People around baseball have been asking the same question since Brandon Finnegan was drafted by the Kansas City Royals with the 17th overall pick in the 2014 draft: can he beÃ‚Â a major-league starter in the long run?
No one has ever doubted his talent. But his smaller frame, seemingly max-effort delivery, and bouts of wildness made many wonder if he was destined for a career as a reliever at the back-end of a bullpen. The success he had in a relief roleÃ‚Â duringÃ‚Â his short time with the Royals only cemented that mindset for some scouts. When the Reds traded for the left-hander a year ago, however, they made the smart decisionÃ‚Â to use Finnegan as a starter to see if he could maximize his potential in a role where he could provide a higher value.
Finnegan ended the 2015 season in the Reds’ rotation and has been there for the entirety of 2016. He has now made a total of 25 starts in the major leagues spanning 138 1/3 innings, which doesn’tÃ‚Â even amount to a full season. He’s still only 23 years old and has a long career in front of him.
Have we gotten any inclination of an answer to the opening question, though?
This season, his first full campaign as a major league starter, Finnegan has been exactly what you’d expect him to be: inconsistent. In 117 1/3 innings, he has posted a mediocre-at-best 4.68 ERA. The peripherals tell a worse story, with his FIP sitting at 5.72, his xFIP at 5.17, and his SIERA at 5.26. Here are his ranks in those three categories among 93 qualified starters:
The reason for these dismal numbers is pretty simple: Finnegan hasn’tÃ‚Â struck out many hitters (16.9 K%), has walked a lot of hittersÃ‚Â (11.6 BB%), and has given up a ton of home runs (1.69 HR/9). While his 16.5% HR/FB rate will normalize in the long run, the low strikeout and high walk totals areÃ‚Â legitimate reasons for concern. Ã‚Â Only 11 qualified starters have a worse strikeout rate than Finnegan, while only Francisco Liriano hasÃ‚Â a higher walk rate. There aren’tÃ‚Â many pitchers who can have success with that combination. The southpaw has only picked up five or more strikeouts in a game four times and has had only two starts this season in which he did not walk a batter, the last coming on May 18.
From a pitch-by-pitch standpoint, the results haven’t been there, either, especially when compared to his performance in past seasons and earlier this year. None of his pitches are getting a high whiff rate and batters aren’t beingÃ‚Â fooled, swinging at few ballsÃ‚Â outside the strike zone on every pitch except his changeup. His ground-ball percentage is also way down on every pitchÃ‚Â but the change, which hasn’t boded well with half of his starts coming in Great American Ball Park (13 of the 22 home runs he’s given up this year have been at home).
As Zach Buchanan of the Cincinnati EnquirerÃ‚Â wrote aboutÃ‚Â after Finnegan’s latest start — a six inning, shutout effort against the Padres — the changeup is key for the young hurler. Although he hasn’t used it a ton before this year, it’s been his best pitch throughout his career, but he started to lose confidence in the pitch after utilizing it to great success in April. In his most recent start, Finnegan regained a feel for the change thanks to a different grip, and he said it made a huge difference:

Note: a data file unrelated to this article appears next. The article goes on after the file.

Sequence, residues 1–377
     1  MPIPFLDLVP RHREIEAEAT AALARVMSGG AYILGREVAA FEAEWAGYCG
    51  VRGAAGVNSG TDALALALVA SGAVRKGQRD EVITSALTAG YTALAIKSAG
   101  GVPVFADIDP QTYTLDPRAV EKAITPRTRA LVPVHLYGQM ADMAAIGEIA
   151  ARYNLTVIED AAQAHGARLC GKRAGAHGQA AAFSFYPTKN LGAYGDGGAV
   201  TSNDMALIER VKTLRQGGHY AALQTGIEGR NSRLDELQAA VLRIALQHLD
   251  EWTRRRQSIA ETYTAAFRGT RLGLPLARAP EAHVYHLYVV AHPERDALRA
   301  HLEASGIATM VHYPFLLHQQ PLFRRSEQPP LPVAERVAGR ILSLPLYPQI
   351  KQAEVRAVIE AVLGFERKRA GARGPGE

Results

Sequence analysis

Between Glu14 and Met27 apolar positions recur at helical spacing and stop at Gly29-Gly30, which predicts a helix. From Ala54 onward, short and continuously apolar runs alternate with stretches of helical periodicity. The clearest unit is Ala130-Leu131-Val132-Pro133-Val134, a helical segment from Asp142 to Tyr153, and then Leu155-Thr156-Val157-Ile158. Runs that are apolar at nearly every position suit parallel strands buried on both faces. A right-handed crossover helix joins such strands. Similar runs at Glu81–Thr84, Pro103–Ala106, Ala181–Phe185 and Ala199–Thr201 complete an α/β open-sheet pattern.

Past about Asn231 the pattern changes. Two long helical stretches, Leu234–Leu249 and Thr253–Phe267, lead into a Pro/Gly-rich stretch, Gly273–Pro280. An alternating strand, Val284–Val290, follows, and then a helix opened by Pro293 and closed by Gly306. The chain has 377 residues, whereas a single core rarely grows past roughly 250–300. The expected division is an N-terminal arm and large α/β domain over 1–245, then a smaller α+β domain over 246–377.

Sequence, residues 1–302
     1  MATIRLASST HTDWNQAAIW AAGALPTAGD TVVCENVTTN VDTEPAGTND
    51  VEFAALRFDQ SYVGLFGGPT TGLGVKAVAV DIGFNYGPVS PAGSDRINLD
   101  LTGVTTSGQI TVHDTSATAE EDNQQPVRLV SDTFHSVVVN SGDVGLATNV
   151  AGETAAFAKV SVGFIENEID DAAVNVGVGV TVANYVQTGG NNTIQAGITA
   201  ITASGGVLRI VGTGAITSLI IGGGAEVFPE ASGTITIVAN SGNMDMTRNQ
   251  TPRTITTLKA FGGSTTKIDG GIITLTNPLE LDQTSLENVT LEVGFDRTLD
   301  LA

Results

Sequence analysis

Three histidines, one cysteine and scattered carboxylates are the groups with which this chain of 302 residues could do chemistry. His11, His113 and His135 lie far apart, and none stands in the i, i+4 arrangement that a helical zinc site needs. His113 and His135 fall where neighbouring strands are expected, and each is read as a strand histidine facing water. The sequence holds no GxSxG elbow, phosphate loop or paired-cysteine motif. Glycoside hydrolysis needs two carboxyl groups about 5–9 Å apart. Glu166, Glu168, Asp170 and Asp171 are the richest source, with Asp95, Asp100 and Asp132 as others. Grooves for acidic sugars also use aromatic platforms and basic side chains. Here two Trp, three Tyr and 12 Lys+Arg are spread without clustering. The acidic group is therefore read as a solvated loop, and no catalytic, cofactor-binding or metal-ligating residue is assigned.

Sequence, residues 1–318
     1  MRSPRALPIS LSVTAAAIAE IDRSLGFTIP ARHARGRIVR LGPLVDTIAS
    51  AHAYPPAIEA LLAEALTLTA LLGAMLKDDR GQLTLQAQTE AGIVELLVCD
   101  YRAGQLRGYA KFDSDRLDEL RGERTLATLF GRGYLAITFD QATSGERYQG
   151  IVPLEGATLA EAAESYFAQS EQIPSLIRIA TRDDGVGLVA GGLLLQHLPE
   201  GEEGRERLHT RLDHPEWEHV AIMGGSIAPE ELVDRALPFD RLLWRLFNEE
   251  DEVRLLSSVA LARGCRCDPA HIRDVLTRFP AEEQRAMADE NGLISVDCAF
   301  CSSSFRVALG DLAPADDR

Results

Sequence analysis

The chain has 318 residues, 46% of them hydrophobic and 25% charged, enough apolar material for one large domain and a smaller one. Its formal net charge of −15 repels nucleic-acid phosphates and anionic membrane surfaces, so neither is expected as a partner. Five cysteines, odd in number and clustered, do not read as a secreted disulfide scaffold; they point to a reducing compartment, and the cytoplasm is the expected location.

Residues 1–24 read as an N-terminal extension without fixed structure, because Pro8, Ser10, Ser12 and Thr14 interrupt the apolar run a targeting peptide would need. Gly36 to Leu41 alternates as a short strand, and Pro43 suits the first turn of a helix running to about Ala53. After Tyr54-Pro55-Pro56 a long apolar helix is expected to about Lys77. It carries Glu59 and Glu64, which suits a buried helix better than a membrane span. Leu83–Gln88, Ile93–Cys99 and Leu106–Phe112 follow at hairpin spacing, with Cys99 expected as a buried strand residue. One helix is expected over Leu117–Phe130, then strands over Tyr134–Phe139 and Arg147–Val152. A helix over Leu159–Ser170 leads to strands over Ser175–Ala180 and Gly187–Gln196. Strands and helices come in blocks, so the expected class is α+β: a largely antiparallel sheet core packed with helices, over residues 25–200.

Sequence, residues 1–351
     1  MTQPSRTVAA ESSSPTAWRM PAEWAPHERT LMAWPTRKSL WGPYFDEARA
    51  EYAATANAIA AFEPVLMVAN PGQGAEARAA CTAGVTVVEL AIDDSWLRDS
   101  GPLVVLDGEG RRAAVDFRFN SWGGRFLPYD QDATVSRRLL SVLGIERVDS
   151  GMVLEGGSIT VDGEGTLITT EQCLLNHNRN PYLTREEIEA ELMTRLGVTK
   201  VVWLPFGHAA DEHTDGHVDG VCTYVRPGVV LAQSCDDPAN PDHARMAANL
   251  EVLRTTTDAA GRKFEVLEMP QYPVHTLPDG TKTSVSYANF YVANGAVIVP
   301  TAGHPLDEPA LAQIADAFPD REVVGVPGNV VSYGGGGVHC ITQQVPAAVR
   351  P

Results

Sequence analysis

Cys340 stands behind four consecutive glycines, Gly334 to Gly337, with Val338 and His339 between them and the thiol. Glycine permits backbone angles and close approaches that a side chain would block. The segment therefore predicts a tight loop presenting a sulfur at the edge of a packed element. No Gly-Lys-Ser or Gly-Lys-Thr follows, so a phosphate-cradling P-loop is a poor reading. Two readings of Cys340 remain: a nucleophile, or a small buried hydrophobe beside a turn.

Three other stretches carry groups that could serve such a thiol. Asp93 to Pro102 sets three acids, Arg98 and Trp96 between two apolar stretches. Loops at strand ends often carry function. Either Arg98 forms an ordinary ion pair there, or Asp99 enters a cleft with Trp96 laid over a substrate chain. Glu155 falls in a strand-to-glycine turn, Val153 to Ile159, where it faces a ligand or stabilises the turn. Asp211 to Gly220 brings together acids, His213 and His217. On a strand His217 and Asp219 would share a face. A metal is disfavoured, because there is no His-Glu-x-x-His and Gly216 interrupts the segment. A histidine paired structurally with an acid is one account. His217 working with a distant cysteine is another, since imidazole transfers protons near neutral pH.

Ã¢â‚¬Å“I threw a change-up well. That was the key to everything,Ã¢â‚¬Â Finnegan said. Ã¢â‚¬Å“I was just throwing the fastball and slider the last few games, and itÃ¢â‚¬â„¢s not too hard to hit that. ItÃ¢â‚¬â„¢s a starter just throwing two pitches.Ã¢â‚¬Â
If he can build onÃ‚Â the momentum he gained in his last start with the changeup, it should only improve the effectiveness his other pitches and yield better overall results.
It stands to reason that Finnegan willÃ‚Â continue to improve as time goes on. Again, he’s only 23. His career at Texas Christian University started out in a similar way. In his freshman season, he walked over four batters per nine innings and struck out just over eight. The walks went down every year while the strikeouts increased, as he finished his junior season with 11.4 K/9 and 2.5 BB/9. College baseball isn’t the same as the big leagues, of course, but this example shows how pitchers can improve over time; it takes time to adjust to a new, better level of competition.
The Reds are in aÃ‚Â situation where they can afford Finnegan plenty of leeway as he goes through the ups and downs of learning to be a starting pitcher in the majors. But eventually, a decision will have to be made with him, especially with all the pitching talent in theÃ‚Â organization. It’s easy to wonder if he’llÃ‚Â even get a chance to start next year. Barring injury, we know Homer Bailey and Anthony DeSclafani will anchor the rotation. You can probably count on Cody Reed and Robert Stephenson being there, too. The team could also revisit using Raisel Iglesias and Michael Lorenzen as starters. Although he’ll likely head back to the bullpen at some point, Dan Straily could also be in the mix. At the beginning of the season, Finnegan may be the No. 5 guy, but top prospectsÃ‚Â like Amir Garrett will start knocking on the door at some point. By 2018, even more competition could enter the fold; Rookie Davis, Nick Travieso, Keury Mella, Tyler Mahle, and Sal Romano mayÃ‚Â all be close to big-league ready by that point.
Finnegan certainly has some time to establish himself as a major-league starter, but with all the other young pitchers competing with him, he doesn’t have forever. He has shown glimpses of his potential this year. If he can find a more consistent feel for his pitches, particularly his wicked changeup, and show a betterÃ‚Â command the strike zone, he could stick.